Some treatment centers partner with laboratories or doctors to run these kinds of scams. You don’t need to worry about the details in order to take care of it. Verify the facts of the insurance bill before doing anything else. If they don’t add up, your provider should help you get to the bottom of it. By keeping yourself safe from these types of schemes, you just may bring to light a massively illegal operation. In so doing, you stand to help countless others avoid getting caught up in the Florida shuffle.
Choosing the Right Sober Home
Getting into the right treatment facility makes for a good start. But if you wish to ensure long-term recovery, some sort of aftercare program usually helps. This means that you need to consider moving into a sober living house after the initial phases of treatment. Unfortunately, some of these houses comprise one of the worst aspects of the Florida shuffle.
Sober living homes, in and of themselves, pose no threat. The best ones promise structured living in a like-minded community of recovering addicts and alcoholics. Hidden among them, however, you find houses in which clients continue their substance abuse with impunity. We already discussed the need to remain wary of offers such as free rent. But you should look out for a few other signs as well.
First, try and see if you can check out the house beforehand. Not all sober living homes will allow you to tour them, for good reason. Allowing you under their roof puts them at risk of potential privacy violations. You might specifically ask to tour the house after the tenants leave for work, but some may still refuse. This does not mean the house is shady; it might even be a good sign that they care about their clients’ privacy. Nonetheless, it’s worth asking.
If they do allow you to take a tour, keep an eye out for signs of lax recovery. Good house managers value clean living in more than one sense of the word. A dirty house filled with unemployed tenants might not set you up for the Florida shuffle. But it doesn’t bode well for the promise of structured living, either.
Also try to learn what you can about the house’s ownership. Again, this won’t tell you everything. In recovery, we can’t judge a person’s present by their past misdeeds. That said, houses in which the owners or house managers have a reputation for patient brokering, HIPAA violations or other such violations should probably not top your list of preferred living arrangements. And while one or two overdoses in the past do not necessarily say anything about the house’s viability, an excessive history of such occurrences indicates that you might want to look elsewhere.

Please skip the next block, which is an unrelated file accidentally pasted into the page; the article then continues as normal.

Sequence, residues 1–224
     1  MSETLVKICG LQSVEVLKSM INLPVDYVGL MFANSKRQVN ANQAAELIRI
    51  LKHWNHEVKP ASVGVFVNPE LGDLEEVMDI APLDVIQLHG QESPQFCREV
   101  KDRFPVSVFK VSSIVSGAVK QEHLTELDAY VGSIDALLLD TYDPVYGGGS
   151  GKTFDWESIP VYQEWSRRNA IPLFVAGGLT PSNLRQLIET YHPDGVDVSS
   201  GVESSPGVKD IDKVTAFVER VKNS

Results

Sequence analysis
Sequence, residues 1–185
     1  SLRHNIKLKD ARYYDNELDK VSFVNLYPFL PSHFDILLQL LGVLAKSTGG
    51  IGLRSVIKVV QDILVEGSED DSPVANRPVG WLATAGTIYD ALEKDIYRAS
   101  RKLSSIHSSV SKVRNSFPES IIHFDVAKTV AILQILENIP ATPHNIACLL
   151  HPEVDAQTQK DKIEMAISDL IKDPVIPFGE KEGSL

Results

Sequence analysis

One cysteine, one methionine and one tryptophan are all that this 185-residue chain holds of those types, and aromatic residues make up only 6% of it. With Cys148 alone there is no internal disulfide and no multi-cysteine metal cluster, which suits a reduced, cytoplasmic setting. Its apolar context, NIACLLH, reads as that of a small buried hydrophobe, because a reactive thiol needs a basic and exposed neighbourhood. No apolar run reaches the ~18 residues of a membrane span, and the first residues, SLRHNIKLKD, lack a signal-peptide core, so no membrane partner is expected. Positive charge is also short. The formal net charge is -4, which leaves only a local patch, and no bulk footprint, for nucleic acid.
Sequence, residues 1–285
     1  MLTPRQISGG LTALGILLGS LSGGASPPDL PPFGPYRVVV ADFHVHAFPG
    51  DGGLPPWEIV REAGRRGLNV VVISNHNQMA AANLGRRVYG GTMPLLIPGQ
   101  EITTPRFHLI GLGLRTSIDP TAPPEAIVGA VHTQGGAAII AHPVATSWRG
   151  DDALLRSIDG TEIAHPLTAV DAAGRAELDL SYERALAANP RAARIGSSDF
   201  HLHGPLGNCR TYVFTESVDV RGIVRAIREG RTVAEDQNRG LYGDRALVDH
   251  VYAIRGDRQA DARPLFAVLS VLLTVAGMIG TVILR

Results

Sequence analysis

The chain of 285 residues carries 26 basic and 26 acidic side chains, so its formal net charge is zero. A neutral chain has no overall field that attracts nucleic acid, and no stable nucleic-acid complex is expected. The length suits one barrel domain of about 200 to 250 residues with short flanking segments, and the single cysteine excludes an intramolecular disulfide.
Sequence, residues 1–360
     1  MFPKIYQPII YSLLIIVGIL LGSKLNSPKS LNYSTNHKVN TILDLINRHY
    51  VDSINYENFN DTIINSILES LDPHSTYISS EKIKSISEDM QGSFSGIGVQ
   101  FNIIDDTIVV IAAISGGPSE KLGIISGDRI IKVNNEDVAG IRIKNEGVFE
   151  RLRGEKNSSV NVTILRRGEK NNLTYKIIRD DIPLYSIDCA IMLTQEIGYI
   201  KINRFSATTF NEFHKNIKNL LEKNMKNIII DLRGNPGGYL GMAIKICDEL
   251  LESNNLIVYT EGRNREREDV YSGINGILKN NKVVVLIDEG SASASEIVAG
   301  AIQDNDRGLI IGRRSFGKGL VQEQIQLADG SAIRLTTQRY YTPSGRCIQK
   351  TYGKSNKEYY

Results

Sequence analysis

When researching the house, check for FARR certification. Sober homes certified by the Florida Association of Recovery Residences usually stand the test of legitimacy. Again, lack of FARR certification does not necessarily mean anything. Although dishonesty might, so double-check at FARROnline.org to ensure that you received a credible answer from the managers.
In the end, we can’t provide you with a perfect method of assessing halfway houses or any other facility. Aside from reputation, the best thing to judge might be your gut instinct. If something feels off, you might want to heed that feeling. Because even if that feeling turns out to be wrong, you can never be too careful when making a decision like this. When trying to avoid getting caught up in the Florida shuffle, one wrong turn could mean the difference between life and death.
Preventing Overdose Death
As promised, we would like to conclude by talking about what to do if you find yourself at risk. If it becomes clear that your treatment facility or sober living home cares more about your insurance than your recovery, you need to act fast. There is a time for meekness and humility; this is not that time. We cannot say with enough gravity that you stand little chance of recovery in a flop house. You must seek a safe location, with staff who values your recovery as much as they value their own.
Until you can find a better facility, do everything you can to hang in there. Call your sponsor, or someone you can trust. If you must, leave the house and do not go back until you can pick up your stuff and go somewhere else. Whatever you do, please do not give in to temptation. You have it within you to be stronger than the culture around you. Even surrounded by shady patient brokers and active users, you can make it out with both your life and your sobriety intact. Remain strong, and keep seeking a better solution. And if you need one immediately, call someone from our facility and we will try to help you make arrangements as soon as possible, whether with us or with another reliable institution.
If you’re trying to beat the Florida shuffle and looking for a safe place to do it, contact us today for more information on our programs. Sobriety is a dangerous business these days. We’ll do our part to help keep you from getting lost to the shuffle.